Anne Hardy was meant to be a scientist, but instead became an artist. Life is the inspiration behind her ‘sentient’ installations, which are parallel realities she creates both for herself and for us to enjoy. To make them, she collects sounds and materials that she finds on the street, and transforms them so that the end result becomes a unique new atmosphere. Now, take your shoes off and let’s go inside her work.
Hello Anne! Could you tell us a bit about yourself? Where do you come from?
I was meant to be a scientist, but instead became an artist.
What inspires your work the most?
How’s your work process? How much time more or less does it take you to develop one entire installation? Do they usually turn out similar to how you imagined them at first?
It is an involved process, and can take up to nine months to realise a single work. When I begin, I don’t know how the end result will be, as it’s the result of a process of working with materials, sounds, as well as the particular characteristics of the space the piece will exist in. I work on many elements throughout the development of the installation, but the work only gets finalised the moment I work directly in the space, as this is when I can determine the relationships between all the parts and how I want them to operate in relation to mine and other people’s bodies.
Before, you used to create imaginary places, photograph them, and later exhibit those photographs. Though now you’re exhibiting the places themselves. How did the necessity of letting people enter into your work come up?
It became necessary for people to be inside my work, to live it as an experience that involves their body and senses directly, so that this can become something embedded into you directly through your physical and sensory experience.
Tell us about what the places you create mean to you. Do you dream of them, do you wish they were real?
These places are real. I think of them as a parallel reality – another version, or potential other version of the world we are part of everyday. They are composed of elements I find in pockets of wild space that sit next to our everyday spaces: sounds, materials, atmospheres. I see them as a kind of mapping process of these areas: ones that I think of as the soul of the city or place they are part of, where all the loose ends, feelings and thoughts collect. In a sense, these kind of spaces are ‘free’ or ‘wild’ and this is the atmosphere that I want to explore in my work, a place out of time that gives our imagination – and therefore, perhaps our souls – a different kind of agency to consider other possibilities for themselves.
Usually, are there metaphors behind your work?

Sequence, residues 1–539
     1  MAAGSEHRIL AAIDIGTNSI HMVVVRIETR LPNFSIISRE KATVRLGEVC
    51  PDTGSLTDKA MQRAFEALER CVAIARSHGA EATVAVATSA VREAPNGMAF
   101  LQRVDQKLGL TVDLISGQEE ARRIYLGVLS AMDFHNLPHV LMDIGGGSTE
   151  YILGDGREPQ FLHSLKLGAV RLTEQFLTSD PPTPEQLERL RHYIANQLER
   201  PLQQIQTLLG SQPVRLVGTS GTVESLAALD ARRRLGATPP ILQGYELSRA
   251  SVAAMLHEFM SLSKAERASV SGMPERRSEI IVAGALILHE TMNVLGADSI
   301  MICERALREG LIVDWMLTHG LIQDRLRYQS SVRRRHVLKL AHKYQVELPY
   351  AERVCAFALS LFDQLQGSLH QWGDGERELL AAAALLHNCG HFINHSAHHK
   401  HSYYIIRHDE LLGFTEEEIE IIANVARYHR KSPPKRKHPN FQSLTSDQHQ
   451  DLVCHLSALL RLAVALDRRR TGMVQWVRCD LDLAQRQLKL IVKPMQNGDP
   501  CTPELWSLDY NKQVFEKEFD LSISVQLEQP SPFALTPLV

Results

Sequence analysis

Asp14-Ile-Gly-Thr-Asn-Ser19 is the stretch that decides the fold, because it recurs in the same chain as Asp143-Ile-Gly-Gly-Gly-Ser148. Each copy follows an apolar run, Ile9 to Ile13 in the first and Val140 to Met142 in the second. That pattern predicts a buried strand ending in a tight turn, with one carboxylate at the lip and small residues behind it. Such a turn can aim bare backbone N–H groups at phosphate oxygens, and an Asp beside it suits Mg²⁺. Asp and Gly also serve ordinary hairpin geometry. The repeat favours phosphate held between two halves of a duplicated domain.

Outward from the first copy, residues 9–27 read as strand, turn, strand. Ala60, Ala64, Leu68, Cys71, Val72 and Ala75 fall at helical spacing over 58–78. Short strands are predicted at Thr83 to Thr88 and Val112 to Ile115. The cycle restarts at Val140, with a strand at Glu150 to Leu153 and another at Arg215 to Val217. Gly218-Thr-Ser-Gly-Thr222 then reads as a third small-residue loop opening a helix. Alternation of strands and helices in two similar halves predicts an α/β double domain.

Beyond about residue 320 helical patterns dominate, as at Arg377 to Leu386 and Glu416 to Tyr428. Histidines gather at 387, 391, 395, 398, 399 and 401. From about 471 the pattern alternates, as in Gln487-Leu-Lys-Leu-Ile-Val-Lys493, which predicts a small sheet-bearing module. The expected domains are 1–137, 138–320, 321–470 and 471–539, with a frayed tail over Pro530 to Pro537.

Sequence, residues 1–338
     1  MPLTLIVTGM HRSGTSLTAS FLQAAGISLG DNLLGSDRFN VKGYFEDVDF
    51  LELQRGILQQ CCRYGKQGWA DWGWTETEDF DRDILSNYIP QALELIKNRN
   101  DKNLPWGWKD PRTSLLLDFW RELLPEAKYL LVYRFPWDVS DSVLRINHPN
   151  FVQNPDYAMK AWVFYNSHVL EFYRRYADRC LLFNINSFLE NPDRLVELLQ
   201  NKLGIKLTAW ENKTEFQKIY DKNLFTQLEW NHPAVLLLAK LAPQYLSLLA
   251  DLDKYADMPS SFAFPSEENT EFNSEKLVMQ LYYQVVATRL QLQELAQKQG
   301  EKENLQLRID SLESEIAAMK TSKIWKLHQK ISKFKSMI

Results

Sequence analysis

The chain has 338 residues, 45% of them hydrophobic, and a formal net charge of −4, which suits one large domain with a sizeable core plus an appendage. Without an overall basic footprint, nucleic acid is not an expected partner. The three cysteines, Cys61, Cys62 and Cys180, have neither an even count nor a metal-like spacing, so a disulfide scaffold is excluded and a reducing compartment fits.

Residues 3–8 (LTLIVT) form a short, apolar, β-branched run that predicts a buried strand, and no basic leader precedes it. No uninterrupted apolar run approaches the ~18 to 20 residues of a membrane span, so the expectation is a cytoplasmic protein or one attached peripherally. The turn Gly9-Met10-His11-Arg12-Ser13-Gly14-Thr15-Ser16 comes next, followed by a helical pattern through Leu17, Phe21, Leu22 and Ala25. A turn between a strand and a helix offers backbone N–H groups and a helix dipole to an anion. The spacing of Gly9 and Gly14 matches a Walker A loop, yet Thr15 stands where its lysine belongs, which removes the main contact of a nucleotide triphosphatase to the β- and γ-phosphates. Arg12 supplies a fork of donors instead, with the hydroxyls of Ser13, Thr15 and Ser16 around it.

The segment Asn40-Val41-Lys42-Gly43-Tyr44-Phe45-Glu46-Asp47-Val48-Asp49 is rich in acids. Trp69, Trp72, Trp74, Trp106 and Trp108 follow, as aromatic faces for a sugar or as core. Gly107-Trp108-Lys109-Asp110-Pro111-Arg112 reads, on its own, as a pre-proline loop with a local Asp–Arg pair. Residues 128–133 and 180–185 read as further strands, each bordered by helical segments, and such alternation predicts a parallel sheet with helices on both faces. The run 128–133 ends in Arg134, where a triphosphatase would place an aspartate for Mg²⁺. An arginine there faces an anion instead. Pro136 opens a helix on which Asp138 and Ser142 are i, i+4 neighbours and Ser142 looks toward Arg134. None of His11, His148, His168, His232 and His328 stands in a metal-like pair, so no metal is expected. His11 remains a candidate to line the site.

It is an open and subjective space, since you bring your whole self with you when you enter. There is a feeling or atmosphere I hope you will feel though.
You were invited to participate in the Sensory Spaces series presented at Boijmans Museum in Rotterdam. You refer to your work as “sentient places”. In which way does this exhibition interact with each of the viewer’s five senses?
I think of the environments I create as sentient; I want them to have the sense that they are in some way alive – altering and changing – that they continue with their own rhythm and process separately from their relationship with you. The work uses physical elements that make you aware of how you move within them and which are meant to be gently destabilising. For example, the floor in the Boijmans Museum has been built with a subtle slope under the carpet that is hard to notice visually but that you can feel when you move around. I have also worked with a strong colour field to create a distinctive atmosphere. The audio – a quadraphonic score that I composed – surrounds you and is at times gentle and at others overwhelming. The lights also change throughout the score, creating an altering sense of space and atmosphere.
People have to take their shoes off when entering your spaces. Is it to preserve the installation in better conditions, or does it have a more ritualistic intention?
Removing your shoes creates a more intimate connection with the work. It makes you vulnerable and more sensitive; you become more part of the installation.
You use very peculiar objects in your art, where do you get them? Do you look for them with something in mind or just find them randomly and create something from them?
I find things in the places where I walk to research for my work. I see what comes and take it back to the studio. Often, I translate the things I work with by casting them in another material to make them both themselves but also absolutely not themselves at the same time.
You say you “collect sounds from the city” to use in your work. I guess that, since you live in London, it gives a particular frenetic sense to your pieces. Where else would you like to live and work in for a while?
I’d like to make a work in the desert.
What are your plans for the future?
I’m currently finishing my first short film, which will be shown at Maureen Paley in London, in a solo show opening on the 10th of April, and at a group show in La Loge, Brussels.
Anne Hardy: Sensory Spaces 13 will be on view until May 27 at Museum Boijmans Van Beuningen, Museumpark 18, Rotterdam.